Reviews provided by Syndetics
Kirkus Book Review
Nick Hall is a bright eighth-grader who would rather do anything other than pay attention in class. Instead he daydreams about soccer, a girl he likes, and an upcoming soccer tournament. His linguistics-professor father carefully watches his educational progress, requiring extra reading and word study, much to Nick's chagrin and protest. Fortunately, his best friend, Coby, shares his passion for soccerand, sadly, the unwanted attention of twin bullies in their school. Nick senses something is going on with his parents, but their announcement that they are separating is an unexpected blow: "it's like a bombshell / drops / right in the center / of your heart / and it splatters / all across your life." The stress leads to counseling, and his life is further complicated by injury and emergency surgery. His soccer dream derailed, Nick turns to the books he has avoided and finds more than he expected. Alexander's highly anticipated follow-up to Newbery-winning The Crossover is a reflective narrative, with little of the first book's explosive energy. What the mostly free-verse novel does have is a likable protagonist, great wordplay, solid teen and adult secondary characters, and a clear picture of the challenges young people face when self-identity clashes with parental expectations. The soccer scenes are vivid and will make readers wish for more, but the depiction of Nick as he unlocks his inner reader is smooth and believable. A satisfying, winning read. (Fiction. 10-12) Copyright Kirkus Reviews, used with permission.
New York Times Book Review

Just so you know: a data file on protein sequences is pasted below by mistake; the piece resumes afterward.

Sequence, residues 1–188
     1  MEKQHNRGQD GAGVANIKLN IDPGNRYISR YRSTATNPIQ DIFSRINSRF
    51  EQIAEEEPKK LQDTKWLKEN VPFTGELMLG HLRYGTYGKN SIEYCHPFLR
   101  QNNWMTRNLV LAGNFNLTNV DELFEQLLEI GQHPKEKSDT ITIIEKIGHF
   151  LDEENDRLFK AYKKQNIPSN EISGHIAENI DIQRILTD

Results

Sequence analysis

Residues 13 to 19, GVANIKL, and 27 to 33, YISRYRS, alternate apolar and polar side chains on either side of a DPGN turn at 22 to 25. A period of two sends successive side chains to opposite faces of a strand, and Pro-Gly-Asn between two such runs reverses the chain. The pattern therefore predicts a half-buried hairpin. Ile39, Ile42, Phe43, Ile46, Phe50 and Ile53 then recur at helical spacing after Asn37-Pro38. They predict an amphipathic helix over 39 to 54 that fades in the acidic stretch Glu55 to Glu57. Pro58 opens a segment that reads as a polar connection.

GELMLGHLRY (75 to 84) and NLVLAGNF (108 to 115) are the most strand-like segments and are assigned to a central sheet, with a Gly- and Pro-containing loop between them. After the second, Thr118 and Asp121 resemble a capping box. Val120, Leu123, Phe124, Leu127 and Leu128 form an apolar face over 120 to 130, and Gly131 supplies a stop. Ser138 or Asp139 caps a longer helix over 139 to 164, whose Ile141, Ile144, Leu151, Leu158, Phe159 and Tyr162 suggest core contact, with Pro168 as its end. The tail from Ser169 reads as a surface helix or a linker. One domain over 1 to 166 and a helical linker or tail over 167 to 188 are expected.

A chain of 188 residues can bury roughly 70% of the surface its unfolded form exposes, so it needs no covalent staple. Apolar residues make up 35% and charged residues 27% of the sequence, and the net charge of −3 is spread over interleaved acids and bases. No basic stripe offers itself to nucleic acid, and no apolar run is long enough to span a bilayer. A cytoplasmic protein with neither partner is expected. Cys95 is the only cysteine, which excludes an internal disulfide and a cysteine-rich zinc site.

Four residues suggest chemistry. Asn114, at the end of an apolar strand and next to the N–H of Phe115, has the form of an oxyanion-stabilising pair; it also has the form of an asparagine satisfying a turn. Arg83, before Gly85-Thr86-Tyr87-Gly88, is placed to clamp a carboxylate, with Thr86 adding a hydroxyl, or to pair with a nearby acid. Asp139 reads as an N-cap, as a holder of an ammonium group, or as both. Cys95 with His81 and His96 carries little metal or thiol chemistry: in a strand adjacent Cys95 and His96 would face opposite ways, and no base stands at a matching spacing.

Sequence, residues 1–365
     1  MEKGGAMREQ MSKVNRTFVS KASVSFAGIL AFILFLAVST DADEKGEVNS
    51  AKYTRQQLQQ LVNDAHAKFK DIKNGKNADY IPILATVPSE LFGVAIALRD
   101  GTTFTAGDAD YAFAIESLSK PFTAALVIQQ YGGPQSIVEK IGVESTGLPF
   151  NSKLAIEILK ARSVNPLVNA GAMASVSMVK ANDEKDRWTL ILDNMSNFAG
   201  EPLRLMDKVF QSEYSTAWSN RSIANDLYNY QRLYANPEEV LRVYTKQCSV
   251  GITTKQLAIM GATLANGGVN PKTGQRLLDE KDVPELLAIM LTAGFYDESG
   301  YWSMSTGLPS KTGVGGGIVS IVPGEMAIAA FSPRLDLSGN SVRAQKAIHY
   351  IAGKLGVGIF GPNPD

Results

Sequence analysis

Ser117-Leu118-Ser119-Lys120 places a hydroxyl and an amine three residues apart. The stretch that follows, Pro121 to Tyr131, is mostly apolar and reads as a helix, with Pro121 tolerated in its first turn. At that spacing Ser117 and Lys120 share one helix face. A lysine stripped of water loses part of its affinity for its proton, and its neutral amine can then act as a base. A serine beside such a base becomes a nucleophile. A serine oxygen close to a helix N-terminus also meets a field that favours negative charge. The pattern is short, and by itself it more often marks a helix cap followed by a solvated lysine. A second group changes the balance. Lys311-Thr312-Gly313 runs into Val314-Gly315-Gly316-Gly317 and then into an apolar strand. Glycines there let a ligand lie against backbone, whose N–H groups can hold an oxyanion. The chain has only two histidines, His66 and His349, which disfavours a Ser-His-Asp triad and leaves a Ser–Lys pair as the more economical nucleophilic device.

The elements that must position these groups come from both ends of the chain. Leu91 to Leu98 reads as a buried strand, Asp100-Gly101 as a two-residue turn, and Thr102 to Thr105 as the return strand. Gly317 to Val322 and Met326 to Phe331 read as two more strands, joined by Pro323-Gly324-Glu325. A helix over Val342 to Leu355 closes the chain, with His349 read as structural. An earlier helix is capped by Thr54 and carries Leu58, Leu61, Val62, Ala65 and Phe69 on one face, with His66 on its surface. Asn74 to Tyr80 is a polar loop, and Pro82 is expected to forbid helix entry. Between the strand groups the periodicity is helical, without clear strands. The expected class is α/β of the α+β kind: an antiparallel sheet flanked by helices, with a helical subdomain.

KWAME ALEXANDER GIVES readers a bit of a head fake with the title of his latest novel in verse, "Booked." This is going to be a story about soccer, the title seems to say, but what Alexander has written is a book about the power of language. Though soccer does indeed play a large role in the life of Nick Hall, what sets him apart from his fellow eighth graders is his vocabulary. Here's a partial fist of the words Nick drops at one point or another: "sweven," "farrow," "onomatophobia," "logorrhea" and the Sir Mix-a-Lot-friendly "callipygous." (Look it up.) He even begrudgingly admires his dad's use of "codswallop." Nick hasn't picked these words up by accident. His dad, "a linguistics professor / with chronic verbomania," has written a dictionary of sorts called "Weird and Wonderful Words," and Nick is required to read a portion of it every day. "He calls it the pursuit of excellence. / You call it Shawshank," Nick says, adding, "The truth is / you / HATE / words." This statement of frustration, as both the reader and Nick will come to realize, is not really true. During the course of "Booked" - in soccer, the word refers to a player who has committed misconduct worthy of a yellow, or subsequently red, card - Nick discovers that language can help him charm a difficult teacher, impress the girl he likes, deal with a menacing set of bullying twins and help him express his emotions when his parents' marriage falls apart. It also provides a connection with the school librarian, Mr. MacDonald, who was a Grammy-winning hip-hop producer in a former life before disillusionment and brain surgery necessitated a career change. The Mac, as Nick calls him, becomes an important, if tangential, figure in Nick's life, dispensing sage advice along with corny wisecracks. Alexander's previous novel in verse, "The Crossover," won the 2015 Newbery Medal, and readers who enjoyed that one will find that it shares certain plot points with "Booked." Both deal with boys on the cusp of high school, obsessed with sports - it was basketball in "The Crossover" - and trying to figure out the mystery of girls. Both focus on families who emphasize the importance of academics to their children and provide them with love and support, though family strife becomes an issue too. In "The Crossover," a son is forced to deal with his father's illness. In "Booked," Nick's parents not only separate; his mom also moves to Kentucky to pursue her dream of working with horses. While this strains Nick's relationship with both parents, a few sessions with a therapist he nicknames Dr. Fraud and some humorous text messages to his mom seem eventually to return things to a kind of equilibrium. The biggest difference between the two books may be the role sports play in each. In "The Crossover," the main character, Josh, is a legitimate star on the basketball court, one of the best players his age in his city. Nick is certainly good at soccer - his team is invited to travel to the prestigious Dallas Cup youth tournament - and playing clearly means a lot to him. (When a medical emergency lands him in the hospital, he's worried mainly about when he can get back on a soccer field.) Names like Pelé and Messi get dropped in knowing fashion. Nick is no neophyte on the pitch. But it's that vocabulary that remains most impressive. AN OBVIOUS LOVE of words, and the way they flow together and create their own rhythm, makes Alexander's work somewhat irresistible. It's what powered "The Crossover," and it is at the core of "Booked." To pick up "Booked" is to find yourself turning page after page, swept along as Nick spills out his story. Nick is an enjoyable narrator. Sure, he can get moody - what kid wouldn't, considering everything going on in his life? - but he manages to keep his sense of humor. And whenever he does decide to drop one of those weird and wonderful words his dad has taught him, a helpful footnote appears with the definition, along with some joking commentary from Nick. I, for one, was happy to have him inform me that "ragabash" means "rubbish," or "something worthless." "Booked" is certainly not ragabash, and Nick is having too much fun with this stuff to make his claim about hating words believable. You might even say it's a load of codswallop. CONNOR ENNIS is The Times's deputy media editor.